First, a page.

native american in 1900
|In 1492, the Amerindian population is estimated at 40 million for the whole continent. In 1900, there are only 237,000 Amerindians in the United States and 127,000 in Canada.|
The Dawes Act of 1887 (also known as the 1887 General Act), passed by Congress in 1887, authorized the President of the United States to survey Native American tribal lands and distribute them among Indians. Those who accepted allowances and lived separately from the tribe would be granted US citizenship. The Dawes Act was amended in 1891, in 1898 by the Curtis Act, and again in 1906 by the Burke Act.
The law was named for its creator, Senator Henry Laurens Dawes of Massachusetts. The objectives of the Dawes Act were to abolish the tribal and communal rights of Native Americans in order to stimulate their assimilation into mainstream American society, to transfer Indian-controlled land to white settlers and thus lift Native Americans out of poverty. The individual ownership of land and subsistence farming households according to the US-European model was considered an essential step. The law provided that the government would classify Indian reserve lands remaining after the allotments as "surplus" and sell these lands on the open market, allowing for purchase and colonization by non-Aboriginal Americans.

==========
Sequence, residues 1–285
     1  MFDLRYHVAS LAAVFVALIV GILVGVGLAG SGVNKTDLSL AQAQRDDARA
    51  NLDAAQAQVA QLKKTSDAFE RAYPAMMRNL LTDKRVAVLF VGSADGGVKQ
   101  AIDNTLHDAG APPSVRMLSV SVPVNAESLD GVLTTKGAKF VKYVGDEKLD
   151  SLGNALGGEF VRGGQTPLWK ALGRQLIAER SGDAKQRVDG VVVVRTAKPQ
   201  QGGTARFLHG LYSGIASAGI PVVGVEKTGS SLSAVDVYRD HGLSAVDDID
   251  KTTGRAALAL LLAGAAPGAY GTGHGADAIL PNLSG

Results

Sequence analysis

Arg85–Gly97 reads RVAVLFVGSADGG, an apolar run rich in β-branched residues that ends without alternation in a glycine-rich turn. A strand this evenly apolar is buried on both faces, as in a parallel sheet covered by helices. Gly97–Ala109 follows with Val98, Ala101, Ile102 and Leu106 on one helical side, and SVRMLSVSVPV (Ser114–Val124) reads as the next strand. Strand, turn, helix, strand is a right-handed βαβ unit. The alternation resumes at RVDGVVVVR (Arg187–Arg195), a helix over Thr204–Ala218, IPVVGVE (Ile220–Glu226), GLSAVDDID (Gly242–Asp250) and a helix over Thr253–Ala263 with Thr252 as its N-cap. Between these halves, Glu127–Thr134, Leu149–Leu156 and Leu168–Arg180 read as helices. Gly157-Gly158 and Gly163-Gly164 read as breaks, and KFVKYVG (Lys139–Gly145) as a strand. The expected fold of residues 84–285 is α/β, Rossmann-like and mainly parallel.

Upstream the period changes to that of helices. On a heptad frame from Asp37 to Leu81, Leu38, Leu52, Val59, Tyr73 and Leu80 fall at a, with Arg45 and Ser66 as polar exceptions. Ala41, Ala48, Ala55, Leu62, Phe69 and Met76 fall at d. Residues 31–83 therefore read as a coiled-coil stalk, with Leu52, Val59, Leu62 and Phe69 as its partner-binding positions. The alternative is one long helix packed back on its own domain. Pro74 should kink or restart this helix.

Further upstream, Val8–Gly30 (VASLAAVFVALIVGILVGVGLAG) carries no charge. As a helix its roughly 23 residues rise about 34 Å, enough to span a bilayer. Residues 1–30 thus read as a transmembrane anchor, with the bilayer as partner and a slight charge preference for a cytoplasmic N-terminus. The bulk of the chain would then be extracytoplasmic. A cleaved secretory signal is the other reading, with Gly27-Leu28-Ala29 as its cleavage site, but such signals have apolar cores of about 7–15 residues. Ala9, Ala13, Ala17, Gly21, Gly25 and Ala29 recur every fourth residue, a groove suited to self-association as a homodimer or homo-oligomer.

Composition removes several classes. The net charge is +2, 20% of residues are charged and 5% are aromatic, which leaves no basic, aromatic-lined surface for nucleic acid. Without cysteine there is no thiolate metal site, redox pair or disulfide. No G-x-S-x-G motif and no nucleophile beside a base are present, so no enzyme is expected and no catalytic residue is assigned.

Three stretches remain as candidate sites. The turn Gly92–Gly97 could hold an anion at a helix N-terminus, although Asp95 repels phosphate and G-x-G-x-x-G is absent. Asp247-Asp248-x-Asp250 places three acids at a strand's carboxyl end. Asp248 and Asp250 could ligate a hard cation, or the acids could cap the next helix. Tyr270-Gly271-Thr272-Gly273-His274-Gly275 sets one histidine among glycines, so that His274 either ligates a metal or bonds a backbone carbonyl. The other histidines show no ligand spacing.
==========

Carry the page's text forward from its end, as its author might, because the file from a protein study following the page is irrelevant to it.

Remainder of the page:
The Dawes Commission, created under an Indian Office Supply Bill in 1893, was created to try to persuade the five civilized tribes to accept allotment plans. (They had been excluded from the Dawes Act by their treaties.) This commission registered members of the five civilized tribes on what became known as Dawes Rolls.
According to the Dawes Act, at least 101,000 Amerindians already have American citizenship in 1900.
More than 300 boarding schools exist for the purpose of "civilizing" Native American children, for historians the Indian becomes a legend; for anthropologists, the Indian race will have disappeared by the middle of the 20th century.
In 1900, it is considered that the end is near for the Indian race, and yet ....